Review Summary: a thesis on mid-2010s pop punk in the mid-2020s // this album is pretty good
The year is 2023. You have stumbled across a Knuckle Puck review on Sputnikmusic. If you choose to continue reading, you are about to consume an in-depth analysis of the state of whiny sadboi pop punk. In 2023. Proceed with caution.
Alright, cool, now that all self-respecting individuals have left the room (jk, kinda), let’s dive into Knuckle Puck, and, while we’re at it, their position in the landscape of mid-2010s pop punk (in the mid-2020s). Most strikingly, it feels like Knuckle Puck have been perpetual victims of their circumstances and, ultimately, themselves. On the one hand, the band managed to carve out a niche for themselves with the release of the excellent While I Stay Secluded
EP and subsequent Copacetic
LP in 2014 and 2015 respectively: thoughtful, expansive and somewhat awkwardly “intellectual” pop punk (read: big words in lyrics). On the other hand, their close ties to contemporaries like Seaway, Neck Deep and State Champs forced them into a corner of the world’s most loved genre more focused on fun and energy rather than the pensive gloom Knuckle Puck excelled at. As such, formlessly generic cuts like “Stationary” would follow the genuinely forward-thinking textures of “True Contrite” on Copacetic
’s track listing, putting the band’s strengths and weaknesses on full display at all times.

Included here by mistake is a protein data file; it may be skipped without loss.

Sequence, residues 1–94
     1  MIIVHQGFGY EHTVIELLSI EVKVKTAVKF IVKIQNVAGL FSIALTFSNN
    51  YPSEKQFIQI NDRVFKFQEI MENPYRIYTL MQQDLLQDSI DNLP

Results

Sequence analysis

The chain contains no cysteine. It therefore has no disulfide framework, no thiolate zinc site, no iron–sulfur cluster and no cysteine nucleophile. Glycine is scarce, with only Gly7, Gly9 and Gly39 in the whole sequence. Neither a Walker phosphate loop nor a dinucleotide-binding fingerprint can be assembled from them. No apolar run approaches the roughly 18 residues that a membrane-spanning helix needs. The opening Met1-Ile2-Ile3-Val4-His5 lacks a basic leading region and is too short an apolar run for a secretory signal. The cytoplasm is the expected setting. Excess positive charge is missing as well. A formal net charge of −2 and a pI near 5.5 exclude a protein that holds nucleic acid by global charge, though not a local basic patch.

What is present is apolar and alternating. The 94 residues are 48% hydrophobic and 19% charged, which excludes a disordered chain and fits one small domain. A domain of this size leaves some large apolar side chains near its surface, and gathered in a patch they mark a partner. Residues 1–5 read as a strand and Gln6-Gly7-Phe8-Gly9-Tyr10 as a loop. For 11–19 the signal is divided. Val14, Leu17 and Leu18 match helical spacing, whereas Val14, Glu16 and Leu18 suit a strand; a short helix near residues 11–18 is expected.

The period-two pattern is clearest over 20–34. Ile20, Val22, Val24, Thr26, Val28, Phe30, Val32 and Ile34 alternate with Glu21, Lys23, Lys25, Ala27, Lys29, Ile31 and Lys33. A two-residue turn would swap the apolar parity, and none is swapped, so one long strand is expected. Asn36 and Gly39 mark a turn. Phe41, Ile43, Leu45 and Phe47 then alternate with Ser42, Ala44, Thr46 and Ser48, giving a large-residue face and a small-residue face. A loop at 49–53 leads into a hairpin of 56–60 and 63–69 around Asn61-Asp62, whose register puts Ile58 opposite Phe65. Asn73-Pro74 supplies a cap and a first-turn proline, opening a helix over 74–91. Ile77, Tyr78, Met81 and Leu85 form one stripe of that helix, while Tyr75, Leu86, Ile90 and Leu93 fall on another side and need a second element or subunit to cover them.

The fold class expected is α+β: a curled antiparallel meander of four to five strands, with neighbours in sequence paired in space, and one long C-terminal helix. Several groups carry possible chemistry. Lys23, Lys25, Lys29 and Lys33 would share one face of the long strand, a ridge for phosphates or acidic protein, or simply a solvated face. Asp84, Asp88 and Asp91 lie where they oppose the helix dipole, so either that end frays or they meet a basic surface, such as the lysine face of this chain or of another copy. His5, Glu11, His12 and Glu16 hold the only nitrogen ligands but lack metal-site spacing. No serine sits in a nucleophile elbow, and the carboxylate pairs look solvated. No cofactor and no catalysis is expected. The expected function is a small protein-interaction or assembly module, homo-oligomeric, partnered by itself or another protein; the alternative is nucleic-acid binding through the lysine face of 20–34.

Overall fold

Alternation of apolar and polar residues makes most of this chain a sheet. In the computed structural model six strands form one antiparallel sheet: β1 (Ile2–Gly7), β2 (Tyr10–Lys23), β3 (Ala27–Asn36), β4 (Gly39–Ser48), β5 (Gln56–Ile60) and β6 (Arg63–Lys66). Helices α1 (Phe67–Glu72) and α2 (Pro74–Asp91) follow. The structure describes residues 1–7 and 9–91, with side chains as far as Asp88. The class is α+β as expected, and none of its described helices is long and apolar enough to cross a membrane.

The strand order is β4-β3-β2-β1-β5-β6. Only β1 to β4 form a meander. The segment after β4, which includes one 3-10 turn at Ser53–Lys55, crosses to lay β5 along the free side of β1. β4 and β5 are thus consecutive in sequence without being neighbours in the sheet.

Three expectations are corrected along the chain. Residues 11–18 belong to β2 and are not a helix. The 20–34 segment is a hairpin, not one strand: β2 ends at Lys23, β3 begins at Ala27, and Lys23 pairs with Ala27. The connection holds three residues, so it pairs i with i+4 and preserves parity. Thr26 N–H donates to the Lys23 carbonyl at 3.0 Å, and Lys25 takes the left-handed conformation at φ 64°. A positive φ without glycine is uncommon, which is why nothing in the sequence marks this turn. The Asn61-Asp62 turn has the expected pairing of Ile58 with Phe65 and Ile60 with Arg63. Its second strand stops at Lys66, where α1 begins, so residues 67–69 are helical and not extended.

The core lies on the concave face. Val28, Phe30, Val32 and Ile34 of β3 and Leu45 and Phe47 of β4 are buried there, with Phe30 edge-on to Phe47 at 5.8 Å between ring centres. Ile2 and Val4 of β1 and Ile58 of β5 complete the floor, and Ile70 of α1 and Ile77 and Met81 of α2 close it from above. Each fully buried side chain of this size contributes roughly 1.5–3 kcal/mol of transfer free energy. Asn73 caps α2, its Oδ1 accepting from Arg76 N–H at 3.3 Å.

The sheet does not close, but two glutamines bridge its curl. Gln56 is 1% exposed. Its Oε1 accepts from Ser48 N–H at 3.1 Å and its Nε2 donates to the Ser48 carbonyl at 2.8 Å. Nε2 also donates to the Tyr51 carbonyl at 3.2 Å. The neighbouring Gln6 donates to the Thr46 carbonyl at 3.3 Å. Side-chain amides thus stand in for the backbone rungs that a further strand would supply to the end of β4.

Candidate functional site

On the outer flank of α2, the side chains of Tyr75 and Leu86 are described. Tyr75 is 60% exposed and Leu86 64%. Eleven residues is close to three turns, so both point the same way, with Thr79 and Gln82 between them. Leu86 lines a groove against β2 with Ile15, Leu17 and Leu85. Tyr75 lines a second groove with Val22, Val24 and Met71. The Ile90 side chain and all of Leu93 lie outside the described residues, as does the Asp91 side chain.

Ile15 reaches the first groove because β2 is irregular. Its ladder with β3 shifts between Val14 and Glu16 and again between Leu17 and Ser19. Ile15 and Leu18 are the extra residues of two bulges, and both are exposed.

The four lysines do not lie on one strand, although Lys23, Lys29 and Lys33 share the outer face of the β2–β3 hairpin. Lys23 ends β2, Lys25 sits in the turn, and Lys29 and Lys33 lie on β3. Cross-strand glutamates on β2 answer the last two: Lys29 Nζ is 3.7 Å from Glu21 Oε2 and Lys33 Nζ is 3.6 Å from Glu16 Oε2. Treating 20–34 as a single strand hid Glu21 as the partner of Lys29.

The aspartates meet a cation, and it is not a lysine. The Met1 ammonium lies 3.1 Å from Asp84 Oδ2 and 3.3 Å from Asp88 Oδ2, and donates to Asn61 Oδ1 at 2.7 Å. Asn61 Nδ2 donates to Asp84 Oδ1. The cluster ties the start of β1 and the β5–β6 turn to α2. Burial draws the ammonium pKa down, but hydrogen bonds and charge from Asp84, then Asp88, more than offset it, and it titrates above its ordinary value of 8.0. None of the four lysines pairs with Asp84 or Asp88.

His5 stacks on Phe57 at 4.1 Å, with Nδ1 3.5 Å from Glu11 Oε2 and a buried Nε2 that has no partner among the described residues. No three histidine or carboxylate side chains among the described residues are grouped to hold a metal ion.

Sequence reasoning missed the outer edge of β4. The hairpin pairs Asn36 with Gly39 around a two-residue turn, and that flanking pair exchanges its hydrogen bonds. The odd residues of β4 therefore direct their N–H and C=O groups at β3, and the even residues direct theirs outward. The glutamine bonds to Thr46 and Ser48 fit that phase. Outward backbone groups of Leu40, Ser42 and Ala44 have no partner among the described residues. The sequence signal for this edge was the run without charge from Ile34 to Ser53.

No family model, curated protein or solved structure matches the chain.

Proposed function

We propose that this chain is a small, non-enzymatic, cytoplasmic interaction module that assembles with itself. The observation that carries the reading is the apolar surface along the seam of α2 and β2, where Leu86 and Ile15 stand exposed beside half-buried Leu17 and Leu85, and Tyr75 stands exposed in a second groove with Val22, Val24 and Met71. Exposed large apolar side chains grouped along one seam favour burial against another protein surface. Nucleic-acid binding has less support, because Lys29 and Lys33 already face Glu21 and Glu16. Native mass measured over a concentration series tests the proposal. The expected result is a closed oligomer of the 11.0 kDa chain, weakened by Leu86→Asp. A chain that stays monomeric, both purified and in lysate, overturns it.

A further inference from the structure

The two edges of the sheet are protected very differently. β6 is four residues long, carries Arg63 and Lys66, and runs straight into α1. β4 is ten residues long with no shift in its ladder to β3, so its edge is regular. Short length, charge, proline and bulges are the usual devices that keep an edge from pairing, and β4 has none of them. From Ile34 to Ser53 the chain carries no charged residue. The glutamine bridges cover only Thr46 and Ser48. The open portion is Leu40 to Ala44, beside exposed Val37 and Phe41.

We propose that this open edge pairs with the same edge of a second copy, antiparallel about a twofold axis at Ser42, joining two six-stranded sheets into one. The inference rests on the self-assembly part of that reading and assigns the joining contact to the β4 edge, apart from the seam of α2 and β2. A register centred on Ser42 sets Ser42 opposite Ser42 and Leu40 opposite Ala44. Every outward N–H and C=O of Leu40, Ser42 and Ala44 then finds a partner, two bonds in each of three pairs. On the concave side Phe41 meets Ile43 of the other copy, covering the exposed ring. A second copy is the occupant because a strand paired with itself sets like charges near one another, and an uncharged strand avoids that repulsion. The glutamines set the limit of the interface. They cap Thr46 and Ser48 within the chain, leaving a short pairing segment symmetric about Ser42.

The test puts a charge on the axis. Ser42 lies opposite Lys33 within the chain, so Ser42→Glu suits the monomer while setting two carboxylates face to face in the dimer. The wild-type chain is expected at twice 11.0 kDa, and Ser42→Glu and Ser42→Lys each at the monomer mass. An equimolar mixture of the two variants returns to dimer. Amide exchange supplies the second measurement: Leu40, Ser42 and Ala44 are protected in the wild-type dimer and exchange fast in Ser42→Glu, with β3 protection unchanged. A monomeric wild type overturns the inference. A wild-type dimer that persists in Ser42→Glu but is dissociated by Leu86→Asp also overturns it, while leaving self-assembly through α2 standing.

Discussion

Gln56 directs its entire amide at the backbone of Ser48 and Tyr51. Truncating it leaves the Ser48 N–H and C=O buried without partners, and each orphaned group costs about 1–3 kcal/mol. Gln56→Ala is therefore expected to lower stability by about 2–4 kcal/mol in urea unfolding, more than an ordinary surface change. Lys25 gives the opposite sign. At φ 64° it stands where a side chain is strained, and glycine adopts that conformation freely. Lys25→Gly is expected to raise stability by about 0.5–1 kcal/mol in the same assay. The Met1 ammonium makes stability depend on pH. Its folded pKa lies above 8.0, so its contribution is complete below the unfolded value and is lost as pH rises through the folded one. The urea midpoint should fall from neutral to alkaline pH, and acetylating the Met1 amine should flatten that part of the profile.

This feeling that Knuckle Puck would never be able to fully commit to their excellence only strengthened with the subsequent Shapeshifter
; an album that, in spite of its palpable ambition, put forth subpar and unmemorable songs like “Twist” as well as gorgeously explosive SOTY-material a la “Wait”. In the meantime, however, the landscape of mainstream pop punk was quietly moving on - The Story So Far started exploring more spaced out, calm textures; Boston Manor dove headfirst into gloomy alt rock; hell, even Neck Deep scored two of their biggest hits with the relatively slow and pensive “In Bloom” and “Wish You Were Here”. It’s a collective shift that should have been a golden opportunity for Knuckle Puck to finally properly embrace their contemplative sensibilities. Unfortunately, 2020’s immaculately titled 20/20
did the exact opposite and became the band’s fun
album - approximately half a decade after all the fun was over. While still being a solid offering, things weren’t looking good…
…for Knuckle Puck and mainstream pop punk in general. Save for The Wonder Years, as the 2020s hit, most of the main players of their era either disappeared with or without notice, or decided to put out pop punk music not even pop punk fans could stomach. Where to next? Most of Knuckle Puck are in their 30s now, and I guess not every band can make an After the Party
, so we’re left with Losing What We Love
- their first full length in well over three years. In a way, it’s another disappointment by a band that should be so much better, while also embodying the most consistent thing they have put out in nine years (or: their most consistent album ever). For the first time ever, it’s hard to position a new Knuckle Puck album in the wider context of their scene - perhaps because that scene is fractured and fragmented beyond recognition. This might